Get ready - again - because one of Australia's most successful acts, Human Nature, is finally coming to Warrnambool with their rebooted tour.
It's a case of third time lucky for the ARIA Hall of Fame inductees after scheduled performances were twice postponed because of COVID-19 lockdowns and restrictions last year.
Band member Phil Burton said it was the first time ever the band had been to Warrnambool.
The tour kicks off on April 20 in Tasmania before making its way to Warrnambool on May 6 and 7 just as the city is winding down from the May Racing Carnival - something they had hoped to arrive a day earlier to be part of.
But with Warrnambool booked solid, Burton said there was no accommodation for them.
Having never been past Geelong to perform before, the band is keen to see more of country Australia.
"It's really exciting," Burton said.
"That's one of the great facets of this tour is that we get to see places in Australia we've never been.
"We get to drive through some amazing countryside.
"To be able to get back in the van and do it again, it's really fun.
"The kind of show that we've developed is actually a really good intimate show.
"We tell a lot of stories about our career and we take people through decisions we made and why we did what we did.
"It's just the four of us and one musician."
The band arrived in Las Vegas in 2009 for a residency that ran until the COVID-19 pandemic brought it to a premature end.
"The pandemic did shut the show down," Burton said.
But Burton had already been feeling the pull to return to Australia, and when the show ended he returned home with his family.
"I'd decided with my family a couple of years previous that it was really starting to get to the point where we were ready to come home," he said.
"We looked upon it as a great adventure.
"But my wife and I always thought to ourselves that we would come home to Australia eventually.
"It seemed like the right time and then the pandemic came along, of course, and that reinforced our decision that it was time to go.
"Sometimes your job takes you to far flung places you never expected but at the same time you've got to go where you feel the most comfortable.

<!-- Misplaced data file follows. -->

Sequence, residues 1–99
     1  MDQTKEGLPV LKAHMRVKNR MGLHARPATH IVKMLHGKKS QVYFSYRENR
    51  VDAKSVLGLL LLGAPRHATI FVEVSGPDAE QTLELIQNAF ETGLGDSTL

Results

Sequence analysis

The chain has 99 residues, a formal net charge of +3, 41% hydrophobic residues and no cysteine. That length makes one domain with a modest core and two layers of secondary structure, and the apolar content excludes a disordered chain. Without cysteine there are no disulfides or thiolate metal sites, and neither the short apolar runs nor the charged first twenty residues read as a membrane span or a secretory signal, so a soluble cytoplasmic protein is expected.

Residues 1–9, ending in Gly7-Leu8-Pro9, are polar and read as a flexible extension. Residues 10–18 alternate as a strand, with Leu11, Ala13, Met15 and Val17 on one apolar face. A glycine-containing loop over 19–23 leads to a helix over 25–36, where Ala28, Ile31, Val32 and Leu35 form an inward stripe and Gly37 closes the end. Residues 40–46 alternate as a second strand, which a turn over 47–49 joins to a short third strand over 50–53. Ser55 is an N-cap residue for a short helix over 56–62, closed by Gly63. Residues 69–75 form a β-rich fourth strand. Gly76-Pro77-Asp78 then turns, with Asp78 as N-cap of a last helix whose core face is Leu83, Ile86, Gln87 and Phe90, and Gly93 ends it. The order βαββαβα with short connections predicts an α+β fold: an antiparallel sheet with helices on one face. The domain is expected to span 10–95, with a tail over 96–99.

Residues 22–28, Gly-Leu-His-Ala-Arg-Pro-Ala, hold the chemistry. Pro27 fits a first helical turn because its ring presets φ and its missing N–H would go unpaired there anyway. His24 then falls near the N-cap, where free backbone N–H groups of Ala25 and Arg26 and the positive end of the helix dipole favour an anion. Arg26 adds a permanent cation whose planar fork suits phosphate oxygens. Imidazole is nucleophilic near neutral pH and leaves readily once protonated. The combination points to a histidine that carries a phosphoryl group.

"For me it just happens to be Australia."
While Burton might be based in Australia, Toby Allen and brothers Michael and Andrew Tierney will stay on in Las Vegas.
He said the plan was that Human Nature will be a three-man act when they are in Las Vegas, and when they come back to Australia on tour it will the four of them.
And that means there will be more Australian tours on the horizon.
"We're not planning on slowing down any time soon," he said.
"We love performing around Australia.
"We love doing the Christmas show.
"Maybe we'll hit Warrnambool with a Christmas show at some point in the near future."
As a three-man act Human Nature has done a series of Christmas shows in Las Vegas, and they have just announced plans for another Las Vegas residency at the South Point Casino from August through to November.
Burton said if it wasn't for Las Vegas, Human Nature might not still be performing as a group.
"We've got a lot to thank that time in Las Vegas for," he said.
But back in Australia, Burton has been doing radio work in Sydney - something he hopes to make a bit more permanent when he is not touring with the band.
"I've decided I will travel for gigs. I just don't want to live anywhere else for gigs," he said.
But their time in Las Vegas had left Burton with memories others would have to pinch themselves to believe.
They have performed alongside Mary Wilson from The Supremes and Smokey Robinson.
"Mike Tyson came to see us quite a few times. He became a bit of a fan," Burton said.
Mike Tyson came to see us quite a few times (at our shows in Las Vegas). He became a bit of a fan.- Phil Burton
Getting to perform at a NASCAR motor racing event was also a highlight.
"You can't get much more American than Nascar," he said.
"We actually had to get helicoptered in because there was too much traffic."
While in their younger days they were keen to shake-off the 'boy band' tag in a bid to stop comparisons with other groups, Burton said with a laugh that would be fine now.
"When we look back we were a boy band, absolutely we were," Burton said.
"I'm 48 years old now.
"If you want to call me a boy go right ahead."
The band is also keen to be 'Telling Everybody' about their recently released EP called Good Good Life.
Just a handful of tickets are left for their two shows.
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